MEASURING TECHNICAL EFFICIENCY IN A SMALL-SCALE FISHERY: A causality analysis

The analysis of technical efficiency (TE) on the small-scale fishery is relevant for several reasons. While this type of fishery is highly common in developing countries like Mexico, there are a very limited number of analyses assessing their efficiency. Indeed, there is no precise information on the contribution of the small-scale fisheries to livelihoods and economies in developing nations. Exploring this gap in the research would be relevant for the decision making policy. On the one hand, small-scale fisheries can generate significant profits and be more resilient to shocks and crises; two important elements to poverty alleviation and food security. But on the other hand, small-scale fisheries may overexploit stocks, harming the environment and generating low profits. Certainly, it is desirable the preservation of resources of common access like lakes or reservoirs, at the same time it is desirable an efficient use of the fishery. The question is what factors constrain the efficiency? Aiming for a contribution on the knowledge of the small-scale fisher’s performance; this research applies “directed acyclic graphs”, an innovative technique to explore the causal relationship on the variables to explain the TE. To assess the fisher’s TE, this research uses “stochastic frontier analysis”, a method commonly used to estimate the efficiency. This study explores the causal pattern among the production function variables to corroborate, by estimating the TE, the hypothesis that: fisher’s skills favor the fisher performance. Compared to previous research, the results show an improvement on the assessment of the variables that constrain the efficiency. Getting a more precise TE assessment is valuable information. It would help to define the strategies for the assistance of the fishing communities; in a search for a policy to remedy the production inefficiencies and increase the competitiveness in small-scale fisheries.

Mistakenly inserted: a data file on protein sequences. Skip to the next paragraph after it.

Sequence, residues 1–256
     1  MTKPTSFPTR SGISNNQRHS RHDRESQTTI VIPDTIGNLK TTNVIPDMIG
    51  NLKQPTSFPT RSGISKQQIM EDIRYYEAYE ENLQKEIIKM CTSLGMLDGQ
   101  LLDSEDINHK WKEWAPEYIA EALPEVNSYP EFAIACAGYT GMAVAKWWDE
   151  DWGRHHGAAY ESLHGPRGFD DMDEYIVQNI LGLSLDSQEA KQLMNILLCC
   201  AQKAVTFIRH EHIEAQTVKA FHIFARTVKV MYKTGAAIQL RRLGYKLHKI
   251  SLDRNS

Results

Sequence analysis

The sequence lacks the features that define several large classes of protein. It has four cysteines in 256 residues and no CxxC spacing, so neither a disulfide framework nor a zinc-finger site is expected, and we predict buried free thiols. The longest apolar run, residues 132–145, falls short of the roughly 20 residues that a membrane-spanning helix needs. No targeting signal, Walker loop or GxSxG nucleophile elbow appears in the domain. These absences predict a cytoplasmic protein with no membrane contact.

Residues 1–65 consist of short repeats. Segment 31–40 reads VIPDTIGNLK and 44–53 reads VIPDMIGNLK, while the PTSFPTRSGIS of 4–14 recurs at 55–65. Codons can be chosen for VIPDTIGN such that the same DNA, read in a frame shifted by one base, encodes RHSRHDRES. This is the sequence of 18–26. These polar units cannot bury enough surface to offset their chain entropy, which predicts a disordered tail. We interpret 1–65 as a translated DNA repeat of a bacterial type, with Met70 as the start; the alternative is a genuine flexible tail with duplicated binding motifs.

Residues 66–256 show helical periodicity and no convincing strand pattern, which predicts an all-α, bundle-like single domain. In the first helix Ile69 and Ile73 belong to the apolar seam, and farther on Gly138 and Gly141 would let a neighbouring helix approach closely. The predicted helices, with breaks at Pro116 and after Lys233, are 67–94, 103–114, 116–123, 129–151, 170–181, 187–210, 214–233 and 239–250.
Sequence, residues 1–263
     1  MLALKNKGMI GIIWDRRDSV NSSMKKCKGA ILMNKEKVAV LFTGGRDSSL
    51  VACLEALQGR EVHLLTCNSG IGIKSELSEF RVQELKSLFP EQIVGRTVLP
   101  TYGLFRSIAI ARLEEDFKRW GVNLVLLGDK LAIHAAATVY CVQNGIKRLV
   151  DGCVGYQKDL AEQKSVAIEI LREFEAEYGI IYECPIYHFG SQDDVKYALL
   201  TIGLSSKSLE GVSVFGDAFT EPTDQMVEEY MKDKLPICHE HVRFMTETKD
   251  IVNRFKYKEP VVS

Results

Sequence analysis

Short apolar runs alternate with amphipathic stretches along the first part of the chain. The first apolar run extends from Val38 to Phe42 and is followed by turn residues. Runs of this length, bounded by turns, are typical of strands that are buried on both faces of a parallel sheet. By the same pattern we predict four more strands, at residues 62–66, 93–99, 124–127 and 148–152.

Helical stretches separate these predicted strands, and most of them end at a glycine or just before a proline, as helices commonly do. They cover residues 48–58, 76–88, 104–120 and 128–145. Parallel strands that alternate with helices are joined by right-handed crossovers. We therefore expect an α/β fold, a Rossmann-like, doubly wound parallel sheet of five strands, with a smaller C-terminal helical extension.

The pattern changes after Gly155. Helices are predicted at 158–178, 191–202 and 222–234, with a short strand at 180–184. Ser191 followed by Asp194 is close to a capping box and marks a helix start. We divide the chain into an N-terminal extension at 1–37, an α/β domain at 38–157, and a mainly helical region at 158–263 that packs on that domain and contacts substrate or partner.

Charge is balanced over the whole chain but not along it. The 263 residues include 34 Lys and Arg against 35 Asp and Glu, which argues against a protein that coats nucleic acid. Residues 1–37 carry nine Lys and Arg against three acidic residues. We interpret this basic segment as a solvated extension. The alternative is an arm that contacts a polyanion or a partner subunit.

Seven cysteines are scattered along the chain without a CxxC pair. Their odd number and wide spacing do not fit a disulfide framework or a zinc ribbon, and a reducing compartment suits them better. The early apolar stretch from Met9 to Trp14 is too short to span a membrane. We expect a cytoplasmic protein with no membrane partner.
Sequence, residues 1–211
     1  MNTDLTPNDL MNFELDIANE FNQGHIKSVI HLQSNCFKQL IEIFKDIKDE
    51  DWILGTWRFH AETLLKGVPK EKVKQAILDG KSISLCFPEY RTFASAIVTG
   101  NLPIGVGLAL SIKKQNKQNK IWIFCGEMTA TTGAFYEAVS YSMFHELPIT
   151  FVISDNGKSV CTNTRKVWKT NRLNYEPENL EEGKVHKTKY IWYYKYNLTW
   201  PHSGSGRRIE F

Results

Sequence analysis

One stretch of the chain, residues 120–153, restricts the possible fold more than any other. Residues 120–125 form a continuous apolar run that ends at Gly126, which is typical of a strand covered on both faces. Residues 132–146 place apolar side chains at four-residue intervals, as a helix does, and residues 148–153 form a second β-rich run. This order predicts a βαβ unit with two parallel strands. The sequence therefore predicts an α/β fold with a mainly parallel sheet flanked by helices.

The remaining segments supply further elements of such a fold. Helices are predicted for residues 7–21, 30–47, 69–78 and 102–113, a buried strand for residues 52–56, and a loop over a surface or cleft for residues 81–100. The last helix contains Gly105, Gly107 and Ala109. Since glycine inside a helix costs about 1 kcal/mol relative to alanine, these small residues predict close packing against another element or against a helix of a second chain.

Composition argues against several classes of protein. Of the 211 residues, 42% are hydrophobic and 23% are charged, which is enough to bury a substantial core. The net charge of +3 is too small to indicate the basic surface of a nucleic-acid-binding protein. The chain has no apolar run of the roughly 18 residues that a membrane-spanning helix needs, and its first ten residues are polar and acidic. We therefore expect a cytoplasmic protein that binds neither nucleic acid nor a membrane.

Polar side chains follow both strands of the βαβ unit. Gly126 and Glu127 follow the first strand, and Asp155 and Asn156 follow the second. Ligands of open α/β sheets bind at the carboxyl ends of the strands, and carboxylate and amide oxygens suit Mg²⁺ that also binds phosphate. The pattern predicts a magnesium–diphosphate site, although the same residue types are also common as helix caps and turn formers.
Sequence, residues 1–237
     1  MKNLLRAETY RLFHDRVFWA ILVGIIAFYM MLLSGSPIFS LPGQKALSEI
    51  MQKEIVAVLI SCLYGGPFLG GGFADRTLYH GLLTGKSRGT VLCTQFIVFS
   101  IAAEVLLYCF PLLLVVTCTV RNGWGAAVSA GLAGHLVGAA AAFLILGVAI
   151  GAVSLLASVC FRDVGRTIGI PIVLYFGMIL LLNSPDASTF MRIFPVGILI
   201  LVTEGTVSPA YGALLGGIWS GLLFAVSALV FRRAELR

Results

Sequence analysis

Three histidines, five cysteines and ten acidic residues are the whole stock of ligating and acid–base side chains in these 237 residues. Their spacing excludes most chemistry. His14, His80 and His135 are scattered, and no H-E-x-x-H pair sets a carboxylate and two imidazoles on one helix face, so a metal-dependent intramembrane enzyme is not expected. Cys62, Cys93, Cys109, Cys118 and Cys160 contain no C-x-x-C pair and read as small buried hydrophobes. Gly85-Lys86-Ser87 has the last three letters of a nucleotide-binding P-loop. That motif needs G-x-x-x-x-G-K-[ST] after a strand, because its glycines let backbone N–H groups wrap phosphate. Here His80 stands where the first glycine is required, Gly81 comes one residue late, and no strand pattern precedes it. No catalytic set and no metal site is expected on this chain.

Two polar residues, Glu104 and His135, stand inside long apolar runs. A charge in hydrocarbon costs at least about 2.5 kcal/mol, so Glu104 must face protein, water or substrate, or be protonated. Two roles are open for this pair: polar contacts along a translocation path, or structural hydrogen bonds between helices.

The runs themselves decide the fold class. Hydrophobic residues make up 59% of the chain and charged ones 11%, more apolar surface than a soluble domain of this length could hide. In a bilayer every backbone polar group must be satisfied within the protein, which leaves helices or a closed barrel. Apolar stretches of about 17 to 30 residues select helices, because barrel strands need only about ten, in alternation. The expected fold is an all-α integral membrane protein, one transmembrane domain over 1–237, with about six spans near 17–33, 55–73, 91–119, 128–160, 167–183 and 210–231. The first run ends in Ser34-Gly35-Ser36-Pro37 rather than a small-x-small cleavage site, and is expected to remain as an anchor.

Issue Date:
2011
Publication Type:
Conference Paper/ Presentation
PURL Identifier:
http://purl.umn.edu/103822
Total Pages:
1
Series Statement:
Poster
13627




 Record created 2017-04-01, last modified 2017-04-26

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